In this context, if the builder of the model didn’t know what the end result would be, the assignment would be much more difficult, as there would be no way to estimate how close one would be to a final result, or significant checkpoint. If this were a story, this would be akin to knowing what happens in the end – SPOILERS – and that wouldn’t really do. But stories do foreshadow events to allow people to see how things will fit together. During the build of The Falcon, this foreshadowing was there when each stage showed what it would look like when it was completed.

Part of this foreshadowing included holes. Gaps in the model or story where you knew things were going to go/happen, but where the details are not revealed. A simple model or story would have few if any holes, but a more complex story would have these arranged in such a manner that they would contribute to the overall experience. Sometimes these holes are for small details that may not have an impact overall, but that enrich some element for those who would care to look further. Details like chairs that can only be seen when the model is open; a state that it would likely rarely be in once completed.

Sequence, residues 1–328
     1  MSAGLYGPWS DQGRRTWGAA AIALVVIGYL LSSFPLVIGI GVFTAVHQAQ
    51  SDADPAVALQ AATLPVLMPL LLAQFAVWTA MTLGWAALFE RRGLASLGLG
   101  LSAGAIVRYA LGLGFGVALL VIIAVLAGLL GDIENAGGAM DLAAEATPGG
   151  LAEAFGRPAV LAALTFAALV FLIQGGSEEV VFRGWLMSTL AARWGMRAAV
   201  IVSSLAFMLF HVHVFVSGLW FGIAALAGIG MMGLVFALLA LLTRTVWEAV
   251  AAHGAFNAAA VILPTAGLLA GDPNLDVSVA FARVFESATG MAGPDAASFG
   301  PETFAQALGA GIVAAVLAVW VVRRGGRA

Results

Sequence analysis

Beyond the foreshadowing that helps a story, and a build move along, I noticed there was another important element. There needed to be some way to manage the tedium associated with the basic building blocks. Elements that repeat with little if any variation are important, but can so easily be lumped together at the start of the process and labeled as “basics”. In a classroom, these could be those rote skills like spelling or multiplication; in a build, they could be exterior panels. During the build of The Falcon, these “boring” micro builds were spaced through the process and were always in context. I noticed this when I thought I knew more than I did and I built a number of similar pieces, only to find out that there were small, but significant differences that I had missed. The context was vital. Having an authentic context for classroom building blocks should work the same way. Spelling words properly is great, but outside of a sentence, that spelling may or may not be correct or appropriate. The build kept these elements in context and it helped, as you would assume, to tell the story of what is being created. This is different from other builds like IKEA, where subunits are often assembled out of context and then brought together to create a functional whole, but not after at least one subunit is installed backward, necessitating sometimes considerable rework, and breaking the flow.